Although the first cathode ray tube entertainment device was patented in 1947, the first commercially available video games appeared in 1971. The first video game system widely available for home use was the Magnavox Odyssey, released in 1972. In the same year, Pong was released, which created record sales for the new video game industry. During this era, computer games were only available on mainframe computers such as Plato on university campuses. In 1975, several computer role playing games were developed on mainframes including Moria and Dungeon. Moria was a single player game in which a character with multiple statistics, such as cunning, piety, wizardry, and vitality, explored multiple mazes, fought enemies, and collected treasure, with the goal of reaching the highest score possible. Graphics were simple first-person three dimensional drawings of the game world. Moria inspired a more popular and commercially successful computer game in 1981, Wizardry: Proving Grounds of the Mad Overlord, released on Apple and IBM home computers. Rogue was released in 1980 with similar game mechanics, but top-down graphics displaying an overhead view of the game world utilizing ASCII characters. Rogue inspired the more popular and commercially successful Ultima, which replaced ASCII characters with graphic tiles placed side by side to represent an entire fantasy world comprised of continents, cities, villages, oceans, rivers, and dungeons.


Throughout the 1980s, Wizardry and Ultima sequels dominated the computer role playing game genre with hack and slash action, with almost no emphasis on narrative storytelling or ethical decision making. One exception was Ultima IV: Quest of the Avatar, a computer role playing game which started with a series of moral questions, which determined the baseline statistics of the character. Game decisions actually determined progression or regression of these statistics. The quest of the character to become an avatar actually represented a spiritual journey mimicking real life in a very basic way. Multitudes of computer games were produced using the hack and slash model through the late 1980s until the late 1990s. In 1995, two Canadian physicians formed a software company, Bioware, which published Baldur's Gate in 1998 through Interplay. Baldur's Gate revolutionized the genre by introducing a narrative story with ethical decision making with real consequences to gameplay, expanding the spiritual journey aspect of Ultima IV: Quest of the Avatar, and improving the top-down graphics with isometric third-person perspective in pre-rendered environments. Baldur's Gate spawned multiple expansions and sequels, and inspired development of the Dragon Age series, also published by Bioware through Electronics Arts. Dragon Age expanded on the ethical decision making and narrative storytelling elements of Baldur's Gate, and linked the main character's journey with the overall outcome of the game world. While computer role playing games depend upon the epinephrine-stimulating thrills of high resolution graphics, and the dopamine-stimulating rewards of quest accomplishment, the potential for a temporary suspension of disbelief from a masterfully crafted story may momentarily touch the spirit, yet leave its ultimate journey unaffected.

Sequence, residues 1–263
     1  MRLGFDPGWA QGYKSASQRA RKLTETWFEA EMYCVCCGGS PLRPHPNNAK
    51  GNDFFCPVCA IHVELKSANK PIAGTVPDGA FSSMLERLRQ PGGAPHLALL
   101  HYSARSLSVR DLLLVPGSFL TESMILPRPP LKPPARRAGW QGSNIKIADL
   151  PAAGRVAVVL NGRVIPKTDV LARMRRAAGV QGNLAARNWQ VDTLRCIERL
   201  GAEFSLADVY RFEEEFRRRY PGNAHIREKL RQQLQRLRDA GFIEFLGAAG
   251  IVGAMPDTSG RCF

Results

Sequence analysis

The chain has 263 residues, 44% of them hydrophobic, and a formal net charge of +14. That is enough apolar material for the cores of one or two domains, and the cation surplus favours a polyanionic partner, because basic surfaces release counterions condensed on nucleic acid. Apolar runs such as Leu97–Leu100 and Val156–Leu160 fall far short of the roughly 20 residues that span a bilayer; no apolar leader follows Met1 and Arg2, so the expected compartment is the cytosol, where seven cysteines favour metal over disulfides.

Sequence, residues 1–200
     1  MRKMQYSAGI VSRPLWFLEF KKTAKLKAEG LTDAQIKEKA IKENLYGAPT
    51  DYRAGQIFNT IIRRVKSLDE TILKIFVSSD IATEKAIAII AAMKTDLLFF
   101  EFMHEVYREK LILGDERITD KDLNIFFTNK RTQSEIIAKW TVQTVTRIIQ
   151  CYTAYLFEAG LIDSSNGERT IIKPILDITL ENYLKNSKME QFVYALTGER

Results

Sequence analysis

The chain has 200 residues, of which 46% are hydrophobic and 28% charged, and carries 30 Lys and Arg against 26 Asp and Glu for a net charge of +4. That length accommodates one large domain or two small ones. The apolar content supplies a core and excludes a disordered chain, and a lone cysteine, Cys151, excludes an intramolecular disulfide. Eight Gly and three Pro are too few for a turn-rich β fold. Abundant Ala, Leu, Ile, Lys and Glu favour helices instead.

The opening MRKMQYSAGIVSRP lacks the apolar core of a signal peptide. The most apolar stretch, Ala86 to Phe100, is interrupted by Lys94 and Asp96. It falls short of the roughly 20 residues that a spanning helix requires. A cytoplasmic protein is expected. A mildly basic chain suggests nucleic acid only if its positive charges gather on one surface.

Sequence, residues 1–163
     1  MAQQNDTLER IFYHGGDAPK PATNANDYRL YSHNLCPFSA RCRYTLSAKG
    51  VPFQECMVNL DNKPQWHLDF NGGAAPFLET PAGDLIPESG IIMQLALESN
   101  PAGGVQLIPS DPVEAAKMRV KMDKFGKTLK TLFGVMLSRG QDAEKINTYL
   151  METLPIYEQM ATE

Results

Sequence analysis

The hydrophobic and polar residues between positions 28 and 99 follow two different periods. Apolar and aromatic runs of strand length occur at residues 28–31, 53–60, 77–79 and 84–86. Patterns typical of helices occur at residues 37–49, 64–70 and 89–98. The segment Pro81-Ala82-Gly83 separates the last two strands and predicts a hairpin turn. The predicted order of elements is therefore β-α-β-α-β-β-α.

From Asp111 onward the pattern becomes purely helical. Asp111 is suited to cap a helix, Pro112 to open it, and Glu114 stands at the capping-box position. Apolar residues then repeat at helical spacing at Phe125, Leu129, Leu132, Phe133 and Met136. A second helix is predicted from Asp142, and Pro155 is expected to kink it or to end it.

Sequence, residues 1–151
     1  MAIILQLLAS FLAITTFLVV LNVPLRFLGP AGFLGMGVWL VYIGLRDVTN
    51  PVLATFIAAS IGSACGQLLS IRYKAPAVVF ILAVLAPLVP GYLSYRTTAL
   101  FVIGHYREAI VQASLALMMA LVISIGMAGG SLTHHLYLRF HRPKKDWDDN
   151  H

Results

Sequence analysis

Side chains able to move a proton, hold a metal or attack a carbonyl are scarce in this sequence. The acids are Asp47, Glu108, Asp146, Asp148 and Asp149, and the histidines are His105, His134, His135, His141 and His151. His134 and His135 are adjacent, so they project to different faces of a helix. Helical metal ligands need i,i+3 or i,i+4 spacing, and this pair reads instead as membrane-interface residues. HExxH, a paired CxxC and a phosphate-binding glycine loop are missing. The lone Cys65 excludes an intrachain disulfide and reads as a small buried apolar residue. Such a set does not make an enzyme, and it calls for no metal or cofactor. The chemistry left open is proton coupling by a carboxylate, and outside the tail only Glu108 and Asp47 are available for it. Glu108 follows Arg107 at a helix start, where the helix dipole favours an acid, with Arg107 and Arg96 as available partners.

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  • R. Benjamin Wesley

In the motion picture The Prophecy, Christopher Walken plays the archangel Gabriel, who brings a war of angels in Heaven down to Earth. This war started between the angels loyal to God, and the angels allied with Gabriel, who is jealous of God's love for humans. In the Ancients Saga, the Divine creates the universe, and gives His angels authority over the humans who live on the planet Promos. Falonayus, His first angel, becomes jealous of humans on Promos, and tempts them to turn away from the Divine, and His messenger angel, Gabriolus. The Divine commands Gabriolus to build a portal from the collapsing star, Vellorum, near Promos. As Vellorum deteriorates into a quantum singularity, space and time tear, creating a wormhole. Gabriolus suspends this wormhole in time, and elongates it, so that it travels from Promos to a planet, Urth, at the other end of the galaxy.


From His celestial realm, the Oververse, the Divine strikes down Falonayus, and exiles him to another dimension, the Underverse. Falonayus waits in his new realm, plotting revenge against the Divine and Gabriolus. The human sect loyal to the Divine and Gabriolus are known as the Promosatti, or people of the promise. The Promosatti remain on Promos to populate, prosper, and worship the Divine through the teachings of Gabriolus. As Vellorum collapses into a black hole, the intense gravitational forces, along with the time and space distortion, confer telepathic and telekinetic powers to the Promosatti. The Divine directs Gabriolus to exile the disloyal humans, the Dromosatti, or people of the dark promise, to planet Urth. Gabriolus gathers the majority of the Dromosatti, and takes them through the portal to planet Urth, to start new lives away from the corruption of Falonayus. A few Dromosatti remain on Promos long enough to develop the telepathy and telekinesis of their Promosatti kin. They burrow beneath the surface of Promos to build underground cities, far removed from the light of the Divine and Gabriolus. The Dromosatti on Promos secretly repopulate themselves underground, and use their telepathic skills to obscure themselves from the Promosatti and Gabriolus. These events create the setting for Portal of the Ancients: Book One of the Ancients Saga.